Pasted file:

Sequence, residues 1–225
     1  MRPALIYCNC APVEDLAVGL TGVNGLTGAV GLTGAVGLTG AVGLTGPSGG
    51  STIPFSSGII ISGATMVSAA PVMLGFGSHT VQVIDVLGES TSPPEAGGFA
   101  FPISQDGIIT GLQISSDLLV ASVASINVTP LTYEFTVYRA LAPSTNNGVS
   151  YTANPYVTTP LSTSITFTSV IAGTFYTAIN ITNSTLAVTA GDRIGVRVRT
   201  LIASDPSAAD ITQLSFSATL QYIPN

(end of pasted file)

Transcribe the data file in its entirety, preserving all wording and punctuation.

Sequence, residues 1–225
     1  MRPALIYCNC APVEDLAVGL TGVNGLTGAV GLTGAVGLTG AVGLTGPSGG
    51  STIPFSSGII ISGATMVSAA PVMLGFGSHT VQVIDVLGES TSPPEAGGFA
   101  FPISQDGIIT GLQISSDLLV ASVASINVTP LTYEFTVYRA LAPSTNNGVS
   151  YTANPYVTTP LSTSITFTSV IAGTFYTAIN ITNSTLAVTA GDRIGVRVRT
   201  LIASDPSAAD ITQLSFSATL QYIPN